Charlie Brooker strikes again with the long-anticipated fourth season of Black Mirror. All six episodes launched on Netflix back on the 29th December 2017, leaving new fans and devotees alike to pass their own judgement on whether they would binge-watch every single episode (to inevitably spark every intrusive thought and paranoia-induced existential crisis at once) or draw out the emotional roller-coaster and reflect on each of the gripping, grim, and downright ghastly, one harrowing episode at a time.
Brooker has stressed numerous times that the initially seemingly anti-technology Black Mirror episodes are not curated to incite disgust for gadgets and the internet, or present a cautionary tale of the dangers of obsession with them. Instead, Black Mirror is designed to convey a reflection of the human condition through technology – hence the title of the series. Our deepest darkest natures, desires and vices are exemplified by the technology with which we choose to govern our lives. The trajectory of some episodes follows the general idea of seemingly innocuous, progressive gizmos which have been patented to make life (or death) easier being presented in a favourable light, until the depths of human nature transpire, and then, as John Hamm’s shady character from S2’s ‘White Christmas’ puts it, we see the ‘price of progress’.
From S4’s trailer, it is apparent that Brooker has indulged in ample genre crossover and fantastical conceptualisation, no doubt an advantage of Netflix’s more lenient episode run-time allowances and budget boost. Some berated the Netflix move, however, accusing the series of becoming Americanised. Nonetheless, fans of the show have come to expect the unexpected, and the accolades received for the last three seasons for the ingenuity of Brooker’s brain child are testament to the gravity of the anthological thriller. So how does Season 4 compare?
It kicks off with the kitschy, Star Trek-reminiscent ‘USS Callister’. Space fiction had been as of yet unexploited by Black Mirror, yet Brooker’s execution of the brightly coloured latex and Milky Way-meddling tropes was flawless. We are re-introduced to the idea of ‘cookies’ but in a completely novel concept, where our stereotypical gamer geek goes home from the mundanity of the day job every evening to indulge in a sci-fi simulation in an alternate world where he is treated like a king. This is another episode that plays on our moral compasses – there are several references to the idea of ‘cookies’ being ‘just a bunch of code’, but when these cookies adopt all of the mannerisms and emotions of their real life human counterpart, where do we draw the line between sentience and a digital simulation?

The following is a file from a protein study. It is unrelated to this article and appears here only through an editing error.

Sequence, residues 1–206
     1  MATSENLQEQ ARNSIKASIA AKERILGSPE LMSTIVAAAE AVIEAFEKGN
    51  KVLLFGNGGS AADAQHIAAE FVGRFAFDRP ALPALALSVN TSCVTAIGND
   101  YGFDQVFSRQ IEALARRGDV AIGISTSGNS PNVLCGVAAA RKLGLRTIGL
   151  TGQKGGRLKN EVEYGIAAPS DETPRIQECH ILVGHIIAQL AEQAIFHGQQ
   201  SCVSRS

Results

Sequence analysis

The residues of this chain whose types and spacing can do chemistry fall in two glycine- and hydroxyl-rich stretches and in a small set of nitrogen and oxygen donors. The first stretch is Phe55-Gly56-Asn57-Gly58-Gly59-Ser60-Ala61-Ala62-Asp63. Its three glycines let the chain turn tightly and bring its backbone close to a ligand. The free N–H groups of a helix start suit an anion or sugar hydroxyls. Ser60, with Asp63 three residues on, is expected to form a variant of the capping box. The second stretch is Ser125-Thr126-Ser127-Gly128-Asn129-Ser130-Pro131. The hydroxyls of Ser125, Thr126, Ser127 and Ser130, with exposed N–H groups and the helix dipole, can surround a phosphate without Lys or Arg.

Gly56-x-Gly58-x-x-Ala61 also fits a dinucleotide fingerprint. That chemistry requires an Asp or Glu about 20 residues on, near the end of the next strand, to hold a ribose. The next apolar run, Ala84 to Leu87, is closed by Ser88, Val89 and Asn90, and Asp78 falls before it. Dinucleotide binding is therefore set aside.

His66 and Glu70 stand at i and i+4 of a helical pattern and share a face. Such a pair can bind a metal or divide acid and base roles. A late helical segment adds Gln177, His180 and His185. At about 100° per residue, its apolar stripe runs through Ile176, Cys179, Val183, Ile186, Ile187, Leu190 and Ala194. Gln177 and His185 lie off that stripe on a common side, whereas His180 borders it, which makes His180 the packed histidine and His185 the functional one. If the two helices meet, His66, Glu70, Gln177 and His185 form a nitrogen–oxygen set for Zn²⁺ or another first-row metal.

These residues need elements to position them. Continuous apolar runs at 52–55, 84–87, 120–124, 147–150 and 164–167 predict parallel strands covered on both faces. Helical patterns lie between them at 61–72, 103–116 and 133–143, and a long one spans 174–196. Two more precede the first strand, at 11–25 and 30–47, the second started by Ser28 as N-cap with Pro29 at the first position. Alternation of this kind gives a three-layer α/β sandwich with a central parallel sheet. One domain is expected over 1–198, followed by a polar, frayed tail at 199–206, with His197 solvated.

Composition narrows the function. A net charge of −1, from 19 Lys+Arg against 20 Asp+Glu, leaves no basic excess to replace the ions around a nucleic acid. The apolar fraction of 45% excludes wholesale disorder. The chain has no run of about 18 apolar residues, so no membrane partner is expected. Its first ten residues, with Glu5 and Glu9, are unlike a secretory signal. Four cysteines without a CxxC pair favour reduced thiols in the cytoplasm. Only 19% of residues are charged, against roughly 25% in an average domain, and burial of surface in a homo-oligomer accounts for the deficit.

The second episode, ‘Arkangel’, explores a device that allows parents and guardians to constantly monitor their children by seeing the world through the kids’ eyes, and even being able to determine their vitals and setting ‘controls’ on sensitive content. Another successful cinematic genre is exploited here with characters and settings embellished in an unmistakably 90s indie film design. Probably my second favourite of the series, despite the time-warped indie tropes it still provides settings that we are familiar with – the struggles of being a teenager, of being working class, of motherhood, of grief and of first love – and then adds a slight twist with the tech. Just like ‘Be Right Back’ we have what looks like a completely typical 21st century household but with the new-fangled technology, which creates a sense of verisimilitude.
Admittedly, it is starting to feel like a bit of an exhausted running joke when a device is painlessly inserted into the side of someone’s head for them to remark something along the lines of ‘Is that it?’ when everyone watching from home knows how pitifully oblivious this comment is. Maybe Brooker needs to invent some sort of electrolyte juice that can be imbued by participants to change it up a bit for the next season.